Florida courts look to Semantic Web for disparate data on desperados
Systems that can retrieve snapshots from a photo database and display them on a notebook PC screen may seem almost trivial to an IT manager setting priorities for application development.
But to Judge Charles Francis, chief judge, second judicial court in Florida, it is serious business when it comes to criminal law.
"Here's something almost any judge would appreciate," Judge Francis tells eADT in explaining the importance of new semantic Web integration technology to the criminal justice system.
The judge was about to begin a trial when an attorney told him that one of the jurors was on probation, which disqualified him from serving on the jury. When Judge Francis questioned the juror, he claimed he was not the same person even though his name and age were the same. It took more than three hours contacting various offices in the Florida criminal justice system to find that the juror was lying. He really was on probation and thus not qualified to be on the jury.
The easiest way for the judge to clear up this identity case would have been to access the booking photo of the man on probation and compare it to the prospective juror standing in front of him. He estimates that if the court system had a network capable of searching, finding and retrieving booking or driver's license photos, the situation might have been resolved in 30 seconds.
The example Judge Francis is using is not unusual, he says. Judges frequently need to resolve issues of identity, especially when a criminal defendant is brought before the court. Lying being a common modus operandi of malefactors, they frequently claim to be someone else, preferably someone who is innocent.
"Photos are important," Judge Francis says. Also important are police reports, probation reports, child support documentation, driving records and other documentation the state maintains in various data files.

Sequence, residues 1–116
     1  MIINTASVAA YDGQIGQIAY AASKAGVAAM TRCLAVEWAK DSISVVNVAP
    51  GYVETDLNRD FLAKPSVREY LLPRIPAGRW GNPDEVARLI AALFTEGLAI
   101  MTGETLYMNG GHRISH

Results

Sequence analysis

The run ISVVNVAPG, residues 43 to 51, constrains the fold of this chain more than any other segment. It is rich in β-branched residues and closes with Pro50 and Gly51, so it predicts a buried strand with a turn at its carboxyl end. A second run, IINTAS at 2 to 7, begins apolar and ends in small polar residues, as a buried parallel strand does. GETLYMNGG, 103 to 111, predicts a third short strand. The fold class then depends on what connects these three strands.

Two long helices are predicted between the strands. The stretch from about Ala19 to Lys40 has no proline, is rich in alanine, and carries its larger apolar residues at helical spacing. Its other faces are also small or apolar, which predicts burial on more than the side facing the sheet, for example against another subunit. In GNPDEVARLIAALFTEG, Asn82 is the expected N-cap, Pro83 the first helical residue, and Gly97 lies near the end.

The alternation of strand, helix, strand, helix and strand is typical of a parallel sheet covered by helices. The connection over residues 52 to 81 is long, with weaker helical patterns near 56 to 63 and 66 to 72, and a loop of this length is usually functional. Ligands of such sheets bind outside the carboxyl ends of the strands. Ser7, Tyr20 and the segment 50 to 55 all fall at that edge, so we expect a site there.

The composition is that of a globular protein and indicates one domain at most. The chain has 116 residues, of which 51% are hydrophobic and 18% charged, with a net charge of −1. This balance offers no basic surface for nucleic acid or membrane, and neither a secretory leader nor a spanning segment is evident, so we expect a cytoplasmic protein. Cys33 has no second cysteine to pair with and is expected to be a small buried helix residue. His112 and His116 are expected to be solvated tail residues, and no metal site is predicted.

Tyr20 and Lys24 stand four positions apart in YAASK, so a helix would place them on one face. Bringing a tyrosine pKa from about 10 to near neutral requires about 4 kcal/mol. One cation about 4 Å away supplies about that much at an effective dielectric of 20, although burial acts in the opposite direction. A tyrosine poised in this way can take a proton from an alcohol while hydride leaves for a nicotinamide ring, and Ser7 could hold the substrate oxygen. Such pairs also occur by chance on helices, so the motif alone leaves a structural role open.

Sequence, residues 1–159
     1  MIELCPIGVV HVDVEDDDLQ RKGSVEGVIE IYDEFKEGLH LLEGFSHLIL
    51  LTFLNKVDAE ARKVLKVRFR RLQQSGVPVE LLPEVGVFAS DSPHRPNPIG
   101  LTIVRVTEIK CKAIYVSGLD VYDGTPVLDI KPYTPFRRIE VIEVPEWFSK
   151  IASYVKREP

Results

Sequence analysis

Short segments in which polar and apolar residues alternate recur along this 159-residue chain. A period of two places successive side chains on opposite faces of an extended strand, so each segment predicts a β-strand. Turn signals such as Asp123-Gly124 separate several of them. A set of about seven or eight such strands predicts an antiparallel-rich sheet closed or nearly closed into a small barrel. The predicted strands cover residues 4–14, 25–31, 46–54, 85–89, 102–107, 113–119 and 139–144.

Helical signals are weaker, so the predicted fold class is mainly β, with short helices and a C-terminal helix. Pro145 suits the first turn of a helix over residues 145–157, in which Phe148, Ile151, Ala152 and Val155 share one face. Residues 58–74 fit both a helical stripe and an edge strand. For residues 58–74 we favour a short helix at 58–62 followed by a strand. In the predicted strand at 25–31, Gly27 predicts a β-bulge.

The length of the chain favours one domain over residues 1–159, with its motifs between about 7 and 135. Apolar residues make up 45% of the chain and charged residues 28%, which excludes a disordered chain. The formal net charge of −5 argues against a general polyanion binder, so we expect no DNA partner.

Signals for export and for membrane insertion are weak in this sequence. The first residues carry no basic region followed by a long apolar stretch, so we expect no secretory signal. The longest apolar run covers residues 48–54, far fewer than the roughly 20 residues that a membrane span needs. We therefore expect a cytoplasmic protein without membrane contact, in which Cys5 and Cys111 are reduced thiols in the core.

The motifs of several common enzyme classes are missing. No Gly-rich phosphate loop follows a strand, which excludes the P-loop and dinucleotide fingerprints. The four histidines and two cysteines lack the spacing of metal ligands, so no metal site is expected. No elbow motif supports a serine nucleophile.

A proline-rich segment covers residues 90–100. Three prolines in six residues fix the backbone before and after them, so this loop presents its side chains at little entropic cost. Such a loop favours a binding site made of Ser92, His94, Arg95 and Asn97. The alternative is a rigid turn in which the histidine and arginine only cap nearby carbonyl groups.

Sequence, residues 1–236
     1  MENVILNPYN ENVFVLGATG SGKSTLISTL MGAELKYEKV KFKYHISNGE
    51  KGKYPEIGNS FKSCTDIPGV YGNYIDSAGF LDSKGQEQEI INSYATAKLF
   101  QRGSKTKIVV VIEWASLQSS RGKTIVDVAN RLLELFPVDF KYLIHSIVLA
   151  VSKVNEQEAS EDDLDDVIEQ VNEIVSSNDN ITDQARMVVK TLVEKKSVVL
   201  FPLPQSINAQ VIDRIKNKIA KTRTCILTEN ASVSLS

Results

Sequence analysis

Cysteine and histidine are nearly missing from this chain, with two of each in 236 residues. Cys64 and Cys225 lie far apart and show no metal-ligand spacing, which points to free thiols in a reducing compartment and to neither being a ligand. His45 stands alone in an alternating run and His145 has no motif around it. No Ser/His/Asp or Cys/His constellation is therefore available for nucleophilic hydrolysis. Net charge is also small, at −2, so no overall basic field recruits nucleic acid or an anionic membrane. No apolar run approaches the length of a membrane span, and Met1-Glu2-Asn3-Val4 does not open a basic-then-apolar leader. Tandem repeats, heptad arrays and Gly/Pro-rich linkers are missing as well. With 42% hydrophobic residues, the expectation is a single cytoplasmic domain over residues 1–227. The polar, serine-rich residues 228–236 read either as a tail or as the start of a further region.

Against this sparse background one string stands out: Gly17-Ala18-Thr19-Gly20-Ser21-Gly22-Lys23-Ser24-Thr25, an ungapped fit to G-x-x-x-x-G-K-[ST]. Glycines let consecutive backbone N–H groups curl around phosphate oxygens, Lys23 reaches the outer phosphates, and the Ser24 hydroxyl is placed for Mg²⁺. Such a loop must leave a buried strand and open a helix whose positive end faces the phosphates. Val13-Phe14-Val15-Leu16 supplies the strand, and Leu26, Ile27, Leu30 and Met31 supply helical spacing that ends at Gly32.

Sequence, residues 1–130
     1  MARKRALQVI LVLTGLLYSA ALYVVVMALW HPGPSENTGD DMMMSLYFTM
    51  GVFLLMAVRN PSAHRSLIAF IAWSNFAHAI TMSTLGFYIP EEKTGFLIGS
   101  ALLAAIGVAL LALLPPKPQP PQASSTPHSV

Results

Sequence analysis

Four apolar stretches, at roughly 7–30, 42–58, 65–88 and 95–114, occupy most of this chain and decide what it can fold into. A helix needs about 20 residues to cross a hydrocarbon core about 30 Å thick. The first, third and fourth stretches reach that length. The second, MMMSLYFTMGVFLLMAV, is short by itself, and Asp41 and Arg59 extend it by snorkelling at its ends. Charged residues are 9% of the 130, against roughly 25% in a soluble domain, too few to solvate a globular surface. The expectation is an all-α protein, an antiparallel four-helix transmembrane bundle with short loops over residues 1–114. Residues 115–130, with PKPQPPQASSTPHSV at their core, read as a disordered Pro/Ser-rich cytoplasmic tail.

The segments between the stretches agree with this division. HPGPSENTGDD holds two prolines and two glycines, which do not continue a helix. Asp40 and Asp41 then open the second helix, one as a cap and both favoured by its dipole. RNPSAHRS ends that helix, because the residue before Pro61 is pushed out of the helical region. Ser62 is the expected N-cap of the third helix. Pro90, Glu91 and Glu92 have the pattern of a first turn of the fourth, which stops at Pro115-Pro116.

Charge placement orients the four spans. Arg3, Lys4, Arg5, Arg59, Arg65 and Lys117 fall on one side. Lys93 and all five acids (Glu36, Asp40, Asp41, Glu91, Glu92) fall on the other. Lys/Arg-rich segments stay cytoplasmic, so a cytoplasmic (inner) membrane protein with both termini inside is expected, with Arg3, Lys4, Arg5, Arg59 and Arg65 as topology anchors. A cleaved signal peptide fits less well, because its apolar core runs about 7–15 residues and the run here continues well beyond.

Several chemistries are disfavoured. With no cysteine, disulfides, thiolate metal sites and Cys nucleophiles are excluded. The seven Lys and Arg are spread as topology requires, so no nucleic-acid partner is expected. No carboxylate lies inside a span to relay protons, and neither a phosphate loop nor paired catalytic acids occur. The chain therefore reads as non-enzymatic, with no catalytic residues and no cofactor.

However, as is true of many organizations from multinational corporations to local school districts, data stored in computers is often in stovepipe systems that frustrate searches. Criminal courts, civil courts, police departments, probation departments, child and family welfare agencies, jails and prisons have different systems, developed at different times on different platforms.
Getting data from all those sources seems like a job for the Semantic Web, the latest invention of W3C founder and director Tim Berners-Lee. Semantic Web technology, including the W3C Resource Description Framework (RDF), ontology specifications and other XML-based standards is intended to allow searches of disparate data. So it should work in hunting down disparate data on desperados.
In Florida, Judge Francis has been working to find a way to make all criminal justice data sources searchable for judges, court clerks, district attorneys and others working in the justice system.
His efforts paid off late this summer when the Florida Supreme Court, Office of State Courts Administrator selected Semantic Web-based technology from Metatomix Inc. to provide search-and-retrieval capabilities that would speed up court proceedings. Plans call for a system that provides judges with real-time access from the bench to records that now cause hours and sometimes days of delays in court proceedings, Judge Francis says.